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    My life is full and overflowing! My son is moving to Denver to go to school. I’m traveling and speaking a lot this month: see the Highlights picture book retreat and the Eastern PA SCBWI conference. In the midst of lots of busyness, how do you keep your focus on writing?

    I’m taking a class.

    Athletes stay in shape with zumba classes. Authors stay in shape with writing classes.

    Athletes stay in shape with zumba classes. Authors stay in shape with writing classes.




    Classes Give Accountability. Especially when I’m busy, I like to take an online class because it gives me structure and makes me stay focused on the writing. Accountability is always a good thing; it’s crucial when days are swamped with non-writing activities.

    Classes Give Thinking Points. Often when life is busy it’s because I’m traveling, which involves lots of down time. Sitting on a plane or in a car, there’s time to think. Some of you may actually be able to work in that situation, but I can’t. I’ll read a book about writing, publishing or general business, but I can’t really produce anything. Thinking, though, is often overlooked when I’m in a really creative mood and pouring out words. I find that thinking is a good use of travel time. Often, a book is enough. But when I can find a challenging class–delivered by email or an online video class–it keeps me learning.

    Classes Give Challenges. Classes also give me a challenge. I look for topics, genres, strategies that challenge me to think in a different way, to try a different process, or even turn everything in my writing world upside down. I want to learn how someone else thinks about story, or how they create characters.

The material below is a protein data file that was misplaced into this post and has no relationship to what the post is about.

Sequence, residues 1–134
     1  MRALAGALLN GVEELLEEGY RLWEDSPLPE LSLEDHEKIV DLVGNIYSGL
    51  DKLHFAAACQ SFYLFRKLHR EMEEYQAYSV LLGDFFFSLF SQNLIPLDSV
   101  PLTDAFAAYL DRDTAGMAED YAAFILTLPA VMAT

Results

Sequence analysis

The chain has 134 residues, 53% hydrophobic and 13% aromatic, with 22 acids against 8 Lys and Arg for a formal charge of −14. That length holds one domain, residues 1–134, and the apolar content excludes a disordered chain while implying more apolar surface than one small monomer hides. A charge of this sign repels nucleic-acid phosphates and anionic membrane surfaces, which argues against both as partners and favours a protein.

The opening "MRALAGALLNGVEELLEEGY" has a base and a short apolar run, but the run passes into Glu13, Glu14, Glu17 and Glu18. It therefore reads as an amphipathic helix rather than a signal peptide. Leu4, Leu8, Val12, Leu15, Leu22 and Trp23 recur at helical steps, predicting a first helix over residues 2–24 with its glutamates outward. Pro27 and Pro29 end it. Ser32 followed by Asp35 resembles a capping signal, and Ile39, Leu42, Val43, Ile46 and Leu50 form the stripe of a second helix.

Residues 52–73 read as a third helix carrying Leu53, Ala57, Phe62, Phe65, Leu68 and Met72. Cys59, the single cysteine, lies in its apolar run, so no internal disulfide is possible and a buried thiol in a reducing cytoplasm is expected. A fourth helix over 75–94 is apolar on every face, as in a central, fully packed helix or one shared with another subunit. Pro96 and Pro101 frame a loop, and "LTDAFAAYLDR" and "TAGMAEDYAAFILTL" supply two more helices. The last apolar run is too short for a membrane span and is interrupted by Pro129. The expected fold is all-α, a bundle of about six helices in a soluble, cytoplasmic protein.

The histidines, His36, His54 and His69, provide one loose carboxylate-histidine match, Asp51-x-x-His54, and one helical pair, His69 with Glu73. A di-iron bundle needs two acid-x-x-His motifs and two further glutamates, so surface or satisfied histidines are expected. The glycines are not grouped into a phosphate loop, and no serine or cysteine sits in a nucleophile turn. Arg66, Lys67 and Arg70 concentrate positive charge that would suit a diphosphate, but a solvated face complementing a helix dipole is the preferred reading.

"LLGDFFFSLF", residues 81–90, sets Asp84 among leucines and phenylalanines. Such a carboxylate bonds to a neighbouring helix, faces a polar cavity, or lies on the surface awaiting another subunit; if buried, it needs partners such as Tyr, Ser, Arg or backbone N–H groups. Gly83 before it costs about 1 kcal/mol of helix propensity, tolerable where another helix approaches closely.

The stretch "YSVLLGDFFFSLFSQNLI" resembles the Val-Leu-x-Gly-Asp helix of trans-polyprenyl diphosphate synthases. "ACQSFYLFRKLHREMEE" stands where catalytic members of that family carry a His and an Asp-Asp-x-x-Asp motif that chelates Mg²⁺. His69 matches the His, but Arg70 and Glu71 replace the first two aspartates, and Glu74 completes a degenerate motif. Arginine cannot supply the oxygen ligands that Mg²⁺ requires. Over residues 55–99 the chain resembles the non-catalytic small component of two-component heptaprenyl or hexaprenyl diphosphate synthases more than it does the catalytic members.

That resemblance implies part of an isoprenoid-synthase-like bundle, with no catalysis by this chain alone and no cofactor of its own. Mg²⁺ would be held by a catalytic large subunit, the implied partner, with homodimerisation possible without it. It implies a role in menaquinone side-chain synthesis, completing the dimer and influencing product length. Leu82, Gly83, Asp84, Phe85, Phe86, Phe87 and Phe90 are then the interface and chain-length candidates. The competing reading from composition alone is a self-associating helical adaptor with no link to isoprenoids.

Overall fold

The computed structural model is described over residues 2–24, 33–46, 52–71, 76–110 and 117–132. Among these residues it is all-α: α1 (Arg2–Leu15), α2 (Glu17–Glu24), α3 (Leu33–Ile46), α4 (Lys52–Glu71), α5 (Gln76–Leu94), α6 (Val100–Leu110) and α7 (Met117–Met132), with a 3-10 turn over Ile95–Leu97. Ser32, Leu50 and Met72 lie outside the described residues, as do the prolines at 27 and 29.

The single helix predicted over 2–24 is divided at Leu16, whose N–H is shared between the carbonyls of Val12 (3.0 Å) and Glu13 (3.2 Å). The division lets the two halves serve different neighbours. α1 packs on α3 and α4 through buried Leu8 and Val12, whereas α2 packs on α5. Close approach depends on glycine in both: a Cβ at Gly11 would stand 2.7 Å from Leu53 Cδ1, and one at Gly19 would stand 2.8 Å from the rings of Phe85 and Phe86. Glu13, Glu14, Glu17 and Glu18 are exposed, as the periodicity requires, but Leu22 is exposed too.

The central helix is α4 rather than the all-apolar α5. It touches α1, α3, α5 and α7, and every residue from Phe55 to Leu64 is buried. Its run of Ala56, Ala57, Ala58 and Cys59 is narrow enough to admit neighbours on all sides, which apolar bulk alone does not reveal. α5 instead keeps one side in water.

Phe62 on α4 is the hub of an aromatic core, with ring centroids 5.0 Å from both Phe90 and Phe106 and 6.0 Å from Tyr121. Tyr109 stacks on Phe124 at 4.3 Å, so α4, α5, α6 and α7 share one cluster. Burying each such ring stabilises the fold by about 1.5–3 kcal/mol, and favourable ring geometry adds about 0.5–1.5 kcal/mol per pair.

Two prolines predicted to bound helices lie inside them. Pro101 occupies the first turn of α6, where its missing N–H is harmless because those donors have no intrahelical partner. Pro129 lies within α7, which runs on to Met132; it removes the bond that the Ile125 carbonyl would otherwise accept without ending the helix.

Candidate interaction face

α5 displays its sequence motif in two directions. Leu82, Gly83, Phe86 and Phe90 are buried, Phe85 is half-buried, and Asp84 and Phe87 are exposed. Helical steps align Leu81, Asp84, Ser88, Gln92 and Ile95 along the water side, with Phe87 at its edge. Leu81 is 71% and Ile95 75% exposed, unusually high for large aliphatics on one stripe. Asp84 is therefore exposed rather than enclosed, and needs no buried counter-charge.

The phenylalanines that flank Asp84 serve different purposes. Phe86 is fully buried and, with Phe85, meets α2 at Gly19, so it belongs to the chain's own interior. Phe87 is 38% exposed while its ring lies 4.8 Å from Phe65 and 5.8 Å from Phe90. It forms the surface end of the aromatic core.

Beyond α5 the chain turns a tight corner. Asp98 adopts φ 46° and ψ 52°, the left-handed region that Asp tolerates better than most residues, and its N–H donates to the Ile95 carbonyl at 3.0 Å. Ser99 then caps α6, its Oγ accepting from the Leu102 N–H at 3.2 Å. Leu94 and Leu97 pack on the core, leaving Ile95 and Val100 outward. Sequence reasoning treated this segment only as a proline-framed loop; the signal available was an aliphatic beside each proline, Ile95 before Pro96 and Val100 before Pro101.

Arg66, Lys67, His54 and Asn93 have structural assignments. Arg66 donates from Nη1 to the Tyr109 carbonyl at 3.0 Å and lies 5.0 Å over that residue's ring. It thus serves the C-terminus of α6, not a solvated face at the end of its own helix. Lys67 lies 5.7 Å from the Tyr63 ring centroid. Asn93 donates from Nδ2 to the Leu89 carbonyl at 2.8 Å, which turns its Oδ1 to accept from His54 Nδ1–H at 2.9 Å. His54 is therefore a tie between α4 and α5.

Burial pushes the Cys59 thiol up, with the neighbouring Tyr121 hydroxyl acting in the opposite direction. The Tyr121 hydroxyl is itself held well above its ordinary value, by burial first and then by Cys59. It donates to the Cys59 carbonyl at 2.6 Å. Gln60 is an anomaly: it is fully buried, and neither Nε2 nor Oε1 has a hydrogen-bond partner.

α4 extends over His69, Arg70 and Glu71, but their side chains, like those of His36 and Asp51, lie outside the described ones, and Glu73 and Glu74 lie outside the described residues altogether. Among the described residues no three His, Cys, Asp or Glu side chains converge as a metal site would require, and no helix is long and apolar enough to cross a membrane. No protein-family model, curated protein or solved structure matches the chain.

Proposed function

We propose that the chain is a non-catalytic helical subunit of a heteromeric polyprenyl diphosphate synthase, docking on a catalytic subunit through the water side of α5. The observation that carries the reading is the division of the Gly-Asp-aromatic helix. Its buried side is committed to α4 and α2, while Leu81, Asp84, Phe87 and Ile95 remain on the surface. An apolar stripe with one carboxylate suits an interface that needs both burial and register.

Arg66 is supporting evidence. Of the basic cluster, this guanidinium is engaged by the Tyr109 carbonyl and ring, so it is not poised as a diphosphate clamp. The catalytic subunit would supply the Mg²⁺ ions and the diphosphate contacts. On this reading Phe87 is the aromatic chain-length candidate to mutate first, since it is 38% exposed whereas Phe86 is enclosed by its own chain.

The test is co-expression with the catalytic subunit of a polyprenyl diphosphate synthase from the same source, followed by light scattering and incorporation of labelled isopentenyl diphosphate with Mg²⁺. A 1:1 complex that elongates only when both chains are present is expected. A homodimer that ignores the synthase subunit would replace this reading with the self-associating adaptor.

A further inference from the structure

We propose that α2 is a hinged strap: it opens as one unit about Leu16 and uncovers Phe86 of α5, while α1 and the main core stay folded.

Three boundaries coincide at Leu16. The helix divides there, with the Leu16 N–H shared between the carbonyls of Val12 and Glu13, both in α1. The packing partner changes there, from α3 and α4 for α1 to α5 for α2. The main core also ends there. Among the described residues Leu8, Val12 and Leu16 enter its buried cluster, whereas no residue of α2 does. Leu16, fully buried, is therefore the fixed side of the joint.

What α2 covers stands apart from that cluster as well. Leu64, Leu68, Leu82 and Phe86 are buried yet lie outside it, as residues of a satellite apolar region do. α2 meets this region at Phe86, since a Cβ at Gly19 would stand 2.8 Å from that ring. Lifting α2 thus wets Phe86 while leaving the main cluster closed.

Sure, I teach classes. At heart, I’m a teacher; whenever I hear new information, my first instinct is to try to make it easier for the next person to comprehend, and most important for me, to apply it in a practical manner.

    However, I am also a student. If I’m not stretching myself and learning more about my craft and my profession, then I stagnate. This month, when I’m off to teach at the Highlights Foundation, I’m also taking a class. It’s a perfect balance for me.

    Find out more about Darcy’s Online Video Courses.

    I am considering adding new online courses this fall.

    Please answer this one-question survey: Which of these online video course would interest you the most?

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    15. Fight, Chase, Shoot, Battle! Action Scene Checklist


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    Darcy’s Note: In my question to understand action scenes better, I came across Ian’s book and was blown away by how practical it is. To make it even more practical I created an Action Scenes Checklist. To understand it and fully exploit it, you should buy his book and read it cover to cover. Yes, I’m that enthusiastic about it. If you plan ANY action in your story, you need this book. Stay tuned below for a chance to win a copy of this book and Healy’s latest novel.

    Guest post by Ian Thomas Healy